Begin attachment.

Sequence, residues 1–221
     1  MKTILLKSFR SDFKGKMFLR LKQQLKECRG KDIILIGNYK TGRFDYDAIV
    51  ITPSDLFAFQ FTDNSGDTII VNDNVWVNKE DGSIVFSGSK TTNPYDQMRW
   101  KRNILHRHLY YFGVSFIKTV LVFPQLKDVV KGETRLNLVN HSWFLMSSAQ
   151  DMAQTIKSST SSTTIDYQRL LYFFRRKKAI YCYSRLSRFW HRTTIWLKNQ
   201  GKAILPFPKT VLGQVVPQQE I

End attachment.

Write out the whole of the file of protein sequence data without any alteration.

Sequence, residues 1–221
     1  MKTILLKSFR SDFKGKMFLR LKQQLKECRG KDIILIGNYK TGRFDYDAIV
    51  ITPSDLFAFQ FTDNSGDTII VNDNVWVNKE DGSIVFSGSK TTNPYDQMRW
   101  KRNILHRHLY YFGVSFIKTV LVFPQLKDVV KGETRLNLVN HSWFLMSSAQ
   151  DMAQTIKSST SSTTIDYQRL LYFFRRKKAI YCYSRLSRFW HRTTIWLKNQ
   201  GKAILPFPKT VLGQVVPQQE I